Kadambini Ganguly

Kadambini Ganguly: A Pathbreaking Doctor

- October 16, 2023

Did you know that Kadambini Ganguly was the first woman practitioner of western medicine not only in India but in all of South Asia? She was also the first woman speaker in the Indian National Congress. Read more to learn some interesting facts about this inspiring woman. 

-By Srinidhi Murthy 

Kadambini Ganguly
Illustration: Prakash Sivan
Early Life and Education 

Kadambini Ganguly was born on 18 July, 1861, in Bhagalpur, Bengal Presidency (present-day Bihar). She was the daughter of Braja Kishore Basu, a well-known champion of the Brahmo Samaj. He was the headmaster of Bhagalpur School and co-founded ‘Bhagalpur Mahila Samiti’ in 1863, the first women’s organisation in India. Kadambini received her early education at the Brahmo Eden Female School, which later merged with Bethune School in 1878. She and her classmate Chandramukhi Basu from Dehradun became the first two women graduates in British India when they graduated from Bethune College in 1882. 

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Pursuing the Dream 

Kadambini married Dwarakanath Ganguly in 1883. Her husband supported Kadambini’s dream to pursue medicine. With his support, she became the first woman to be admitted to the Calcutta Medical College (CMC) in 1884. When she completed her studies at CMC, the then-principal Dr J.M. Coates awarded her a Graduate Medical College of Bengal (GMCB) diploma that allowed her to start a private practice as a doctor in 1886. Along with Anandibai Joshi (who studied at the Women’s Medical College of Pennsylvania in the United States), Ganguly became one of the first Indian women eligible to practice medicine in 1886. During this time, Kadambini’s achievements were praised by British nurse and social reformer Florence Nightingale, and British socialist Annie Besant.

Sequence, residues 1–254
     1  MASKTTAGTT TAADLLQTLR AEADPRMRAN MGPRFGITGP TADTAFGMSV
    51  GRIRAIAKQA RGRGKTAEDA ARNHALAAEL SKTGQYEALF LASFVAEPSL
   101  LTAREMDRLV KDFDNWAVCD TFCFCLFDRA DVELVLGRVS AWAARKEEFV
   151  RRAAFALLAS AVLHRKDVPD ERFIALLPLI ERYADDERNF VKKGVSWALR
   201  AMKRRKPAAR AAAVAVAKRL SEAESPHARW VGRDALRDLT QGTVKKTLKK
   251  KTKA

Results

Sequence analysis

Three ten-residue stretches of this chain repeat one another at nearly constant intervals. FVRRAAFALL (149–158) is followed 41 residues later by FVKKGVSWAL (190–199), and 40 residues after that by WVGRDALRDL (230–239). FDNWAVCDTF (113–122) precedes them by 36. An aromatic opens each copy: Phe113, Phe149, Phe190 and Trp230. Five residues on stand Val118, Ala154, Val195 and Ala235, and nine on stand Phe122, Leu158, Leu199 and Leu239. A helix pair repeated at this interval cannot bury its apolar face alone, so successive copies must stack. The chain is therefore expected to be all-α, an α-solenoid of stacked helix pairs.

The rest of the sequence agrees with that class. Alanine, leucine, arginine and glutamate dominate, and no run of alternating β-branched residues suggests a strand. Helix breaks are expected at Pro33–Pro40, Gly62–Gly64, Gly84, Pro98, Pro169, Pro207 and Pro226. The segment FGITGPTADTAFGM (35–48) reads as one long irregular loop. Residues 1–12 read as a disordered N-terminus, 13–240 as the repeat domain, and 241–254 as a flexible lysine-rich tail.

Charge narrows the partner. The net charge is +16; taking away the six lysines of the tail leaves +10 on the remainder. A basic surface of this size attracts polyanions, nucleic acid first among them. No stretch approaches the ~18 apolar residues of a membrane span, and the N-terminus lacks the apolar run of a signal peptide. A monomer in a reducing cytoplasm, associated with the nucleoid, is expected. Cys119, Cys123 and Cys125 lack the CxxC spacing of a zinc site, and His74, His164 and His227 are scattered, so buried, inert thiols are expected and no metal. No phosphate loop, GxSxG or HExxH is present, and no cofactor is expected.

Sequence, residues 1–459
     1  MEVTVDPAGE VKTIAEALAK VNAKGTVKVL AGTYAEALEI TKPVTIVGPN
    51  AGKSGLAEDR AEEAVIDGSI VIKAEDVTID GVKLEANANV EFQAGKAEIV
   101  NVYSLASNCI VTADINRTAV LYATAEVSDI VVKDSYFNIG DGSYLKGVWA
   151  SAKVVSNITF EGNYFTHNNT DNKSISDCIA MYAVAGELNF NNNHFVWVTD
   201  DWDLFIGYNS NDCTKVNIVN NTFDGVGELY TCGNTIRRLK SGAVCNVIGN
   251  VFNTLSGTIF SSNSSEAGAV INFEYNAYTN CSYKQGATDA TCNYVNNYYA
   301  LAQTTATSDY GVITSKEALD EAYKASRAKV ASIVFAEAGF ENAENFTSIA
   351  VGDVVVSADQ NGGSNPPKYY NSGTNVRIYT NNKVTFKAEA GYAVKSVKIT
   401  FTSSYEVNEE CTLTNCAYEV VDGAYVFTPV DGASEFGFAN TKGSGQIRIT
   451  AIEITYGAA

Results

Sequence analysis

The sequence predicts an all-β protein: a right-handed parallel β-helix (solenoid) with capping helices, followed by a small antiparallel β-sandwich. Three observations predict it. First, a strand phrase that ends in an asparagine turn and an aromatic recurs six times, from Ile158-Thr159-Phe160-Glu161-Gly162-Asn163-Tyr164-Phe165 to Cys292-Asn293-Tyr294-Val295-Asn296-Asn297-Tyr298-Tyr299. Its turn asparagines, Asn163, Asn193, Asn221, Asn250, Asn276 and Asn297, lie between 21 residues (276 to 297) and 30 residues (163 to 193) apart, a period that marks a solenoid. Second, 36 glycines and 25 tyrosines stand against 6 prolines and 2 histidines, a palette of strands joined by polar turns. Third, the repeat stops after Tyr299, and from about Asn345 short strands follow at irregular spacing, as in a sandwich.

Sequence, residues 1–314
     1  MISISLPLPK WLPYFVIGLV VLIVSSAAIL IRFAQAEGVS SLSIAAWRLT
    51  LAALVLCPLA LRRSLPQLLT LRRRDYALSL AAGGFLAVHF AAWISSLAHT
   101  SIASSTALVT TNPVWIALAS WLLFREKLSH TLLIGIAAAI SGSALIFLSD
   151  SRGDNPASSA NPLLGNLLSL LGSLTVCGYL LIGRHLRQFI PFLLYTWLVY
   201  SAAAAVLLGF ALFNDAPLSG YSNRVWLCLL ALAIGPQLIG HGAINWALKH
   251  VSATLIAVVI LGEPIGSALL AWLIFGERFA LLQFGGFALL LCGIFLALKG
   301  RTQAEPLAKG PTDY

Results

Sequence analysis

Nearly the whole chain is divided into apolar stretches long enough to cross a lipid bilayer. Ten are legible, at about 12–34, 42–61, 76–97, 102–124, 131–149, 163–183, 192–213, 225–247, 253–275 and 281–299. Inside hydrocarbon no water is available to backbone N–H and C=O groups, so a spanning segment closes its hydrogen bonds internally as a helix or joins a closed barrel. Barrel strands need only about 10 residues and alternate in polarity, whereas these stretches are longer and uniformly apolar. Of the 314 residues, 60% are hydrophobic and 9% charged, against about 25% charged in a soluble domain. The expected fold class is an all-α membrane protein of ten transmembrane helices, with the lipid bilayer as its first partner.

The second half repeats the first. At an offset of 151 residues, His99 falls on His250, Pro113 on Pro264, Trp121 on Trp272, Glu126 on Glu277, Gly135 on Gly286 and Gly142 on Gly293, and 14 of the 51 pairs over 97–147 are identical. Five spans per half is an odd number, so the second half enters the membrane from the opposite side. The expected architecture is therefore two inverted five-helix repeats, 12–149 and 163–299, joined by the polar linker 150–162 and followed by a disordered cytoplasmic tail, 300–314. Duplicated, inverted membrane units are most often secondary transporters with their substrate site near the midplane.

Life in England 

With her husband’s unfailing support, Kadambini decided to further her medical studies in London. She arrived in London on March 23, 1893. In July, she received the Triple Diplomas, i.e., Licentiate of the College of Physicians, Edinburg (LRCP), Licentiate of the College of Surgeons, Glasgow (LRCS), and Licentiate of the Faculty of Physicians and Surgeons, Dublin (LFPS), from the Scottish College after training in Dublin, Glasgow, and Edinburgh. She was the only woman among the 14 successful candidates who graduated that year. 

Medical Career 

When she returned from England, Kadambini joined Lady Dufferin Hospital in Kolkata as a senior doctor and started her career as a gynaecologist. Kadambini once correctly identified a pregnancy that had been misdiagnosed as an abdominal tumour. She not only corrected the initial misdiagnosis but also safely delivered the child. She later started her private practice. 

Social Worker 

Kadambini was involved in several social and freedom movements and was a champion of women’s rights and education. In 1908, she supported the Satyagraha movement and encouraged people to raise funds to support the cause. Ganguly was part of the first ever female delegation in the Fifth Session of the Indian National Congress, where women were invited to vote. In 1922, she visited Odisha and Bihar to help women miners. Until the day she died, she never refused to attend to any of her medical appointments. Kadambini Ganguly breathed her last on 7 October, 1923. She was truly a pathbreaker who proved to be an inspiration to many.  

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